The third and final volume in the first comprehensive history of Black social Christianity, by the “greatest theological ethicist of the twenty-first century” (Michael Eric Dyson)
The Black social gospel is a tradition of unsurpassed importance in American life, and it remains ongoing. So Gary Dorrien argues in his groundbreaking trilogy of books on the history of Black social Christianity. Following his Grawemeyer Award–winning book The New Abolition: W. E. B. Du Bois and the Black Social Gospel (2015) and his Breaking White Supremacy: Martin Luther King Jr. and the Black Social Gospel (2018), this third, concluding volume offers an interpretation of Black social Christianity since the early 1970s.
Beginning in the shadow of Martin Luther King Jr., it examines the past fifty years of this intellectual and activist tradition, interpreting its politics, theology, ethics, social criticism, and social justice organizing. Considering the intersection of Black social Christianity with liberation theology, womanist theology, the LGBTQ+ movement, critical theory, antiracism efforts, progressive religion, broad-based interfaith organizing, global solidarity politics, and more, Dorrien shows how those who carried on the struggle in King’s name were often lifted by King’s moral example.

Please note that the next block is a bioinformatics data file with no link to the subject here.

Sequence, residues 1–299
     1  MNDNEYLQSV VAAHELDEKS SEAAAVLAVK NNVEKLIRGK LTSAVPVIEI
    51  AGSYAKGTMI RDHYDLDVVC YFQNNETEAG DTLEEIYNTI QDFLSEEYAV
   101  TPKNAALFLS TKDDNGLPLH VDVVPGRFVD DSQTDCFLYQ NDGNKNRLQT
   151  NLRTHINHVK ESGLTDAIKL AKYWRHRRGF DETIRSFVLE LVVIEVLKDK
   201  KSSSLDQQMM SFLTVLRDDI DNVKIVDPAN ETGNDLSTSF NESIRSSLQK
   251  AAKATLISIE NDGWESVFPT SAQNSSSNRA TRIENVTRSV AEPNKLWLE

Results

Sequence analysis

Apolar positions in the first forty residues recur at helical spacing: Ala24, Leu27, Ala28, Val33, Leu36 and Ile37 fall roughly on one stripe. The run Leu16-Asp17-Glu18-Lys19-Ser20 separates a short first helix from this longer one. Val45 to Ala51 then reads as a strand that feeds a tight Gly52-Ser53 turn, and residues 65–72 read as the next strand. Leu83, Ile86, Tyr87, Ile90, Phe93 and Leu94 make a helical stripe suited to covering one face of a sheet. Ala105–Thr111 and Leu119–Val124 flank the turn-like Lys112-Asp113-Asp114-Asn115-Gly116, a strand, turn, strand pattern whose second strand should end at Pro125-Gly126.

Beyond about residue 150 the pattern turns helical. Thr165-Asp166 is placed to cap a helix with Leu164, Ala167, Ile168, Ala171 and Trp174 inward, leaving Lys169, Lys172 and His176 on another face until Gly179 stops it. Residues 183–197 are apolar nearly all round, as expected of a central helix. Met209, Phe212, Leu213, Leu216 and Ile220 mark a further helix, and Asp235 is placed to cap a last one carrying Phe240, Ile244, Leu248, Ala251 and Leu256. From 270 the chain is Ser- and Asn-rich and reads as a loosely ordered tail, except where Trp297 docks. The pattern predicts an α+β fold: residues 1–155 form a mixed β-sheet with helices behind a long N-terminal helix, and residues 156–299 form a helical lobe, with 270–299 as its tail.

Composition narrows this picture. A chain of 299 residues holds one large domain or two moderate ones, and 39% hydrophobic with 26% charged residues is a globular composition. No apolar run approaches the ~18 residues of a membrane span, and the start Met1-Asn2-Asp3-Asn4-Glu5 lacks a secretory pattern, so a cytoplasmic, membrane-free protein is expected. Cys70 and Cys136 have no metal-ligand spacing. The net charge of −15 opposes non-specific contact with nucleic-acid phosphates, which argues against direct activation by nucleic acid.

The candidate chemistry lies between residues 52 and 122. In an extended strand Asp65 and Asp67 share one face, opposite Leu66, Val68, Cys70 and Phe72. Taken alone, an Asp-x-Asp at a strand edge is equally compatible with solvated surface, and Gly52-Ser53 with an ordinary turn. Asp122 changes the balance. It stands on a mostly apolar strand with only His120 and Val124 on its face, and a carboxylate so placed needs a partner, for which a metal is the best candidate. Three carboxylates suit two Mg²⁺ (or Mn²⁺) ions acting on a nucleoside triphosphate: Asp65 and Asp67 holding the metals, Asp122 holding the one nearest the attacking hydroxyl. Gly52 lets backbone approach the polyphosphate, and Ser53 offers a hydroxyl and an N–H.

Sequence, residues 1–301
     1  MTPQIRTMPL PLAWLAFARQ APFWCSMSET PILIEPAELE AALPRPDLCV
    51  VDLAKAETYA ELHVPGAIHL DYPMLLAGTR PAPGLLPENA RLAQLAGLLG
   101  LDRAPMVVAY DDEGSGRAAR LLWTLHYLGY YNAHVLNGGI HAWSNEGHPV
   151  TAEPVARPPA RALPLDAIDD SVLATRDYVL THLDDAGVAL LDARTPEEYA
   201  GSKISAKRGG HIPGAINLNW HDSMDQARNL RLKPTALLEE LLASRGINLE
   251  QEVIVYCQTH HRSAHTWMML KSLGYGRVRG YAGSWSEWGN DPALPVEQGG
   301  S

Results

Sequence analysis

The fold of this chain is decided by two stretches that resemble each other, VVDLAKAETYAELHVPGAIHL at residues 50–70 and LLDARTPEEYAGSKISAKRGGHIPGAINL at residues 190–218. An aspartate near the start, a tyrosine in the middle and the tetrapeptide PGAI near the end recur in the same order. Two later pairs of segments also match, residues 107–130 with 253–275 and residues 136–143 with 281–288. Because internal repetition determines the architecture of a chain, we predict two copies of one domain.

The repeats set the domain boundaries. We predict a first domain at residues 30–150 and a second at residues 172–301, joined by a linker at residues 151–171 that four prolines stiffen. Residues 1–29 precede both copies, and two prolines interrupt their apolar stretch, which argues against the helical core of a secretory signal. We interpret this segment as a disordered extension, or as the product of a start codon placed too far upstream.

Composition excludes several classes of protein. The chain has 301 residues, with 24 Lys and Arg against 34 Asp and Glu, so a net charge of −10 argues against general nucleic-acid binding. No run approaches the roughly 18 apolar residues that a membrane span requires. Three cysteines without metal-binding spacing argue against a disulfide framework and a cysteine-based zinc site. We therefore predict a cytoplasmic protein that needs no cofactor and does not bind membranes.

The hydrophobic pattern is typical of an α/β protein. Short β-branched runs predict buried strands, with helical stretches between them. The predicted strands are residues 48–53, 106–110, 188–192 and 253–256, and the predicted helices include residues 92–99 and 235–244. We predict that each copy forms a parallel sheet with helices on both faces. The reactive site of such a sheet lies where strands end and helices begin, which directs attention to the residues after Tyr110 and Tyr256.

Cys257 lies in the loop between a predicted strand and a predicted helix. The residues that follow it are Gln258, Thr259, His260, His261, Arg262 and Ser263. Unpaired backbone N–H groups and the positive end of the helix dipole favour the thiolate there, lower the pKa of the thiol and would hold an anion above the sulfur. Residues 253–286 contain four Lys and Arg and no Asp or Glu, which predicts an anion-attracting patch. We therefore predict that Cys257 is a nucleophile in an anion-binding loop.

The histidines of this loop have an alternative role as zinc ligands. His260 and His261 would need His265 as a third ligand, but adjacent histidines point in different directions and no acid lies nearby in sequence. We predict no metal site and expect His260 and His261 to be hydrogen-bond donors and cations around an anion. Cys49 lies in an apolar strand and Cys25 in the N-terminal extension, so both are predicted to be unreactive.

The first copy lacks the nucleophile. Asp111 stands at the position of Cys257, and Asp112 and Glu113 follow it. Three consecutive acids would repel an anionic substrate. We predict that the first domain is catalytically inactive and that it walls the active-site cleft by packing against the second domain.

A Darkly Radiant Vision features in-depth discussions of Andrew Young, Jesse Jackson, Samuel DeWitt Proctor, Gayraud Wilmore, James Cone, Cornel West, Katie Geneva Cannon, Stacey Floyd-Thomas, Traci Blackmon, William J. Barber II, Raphael G. Warnock, and many others.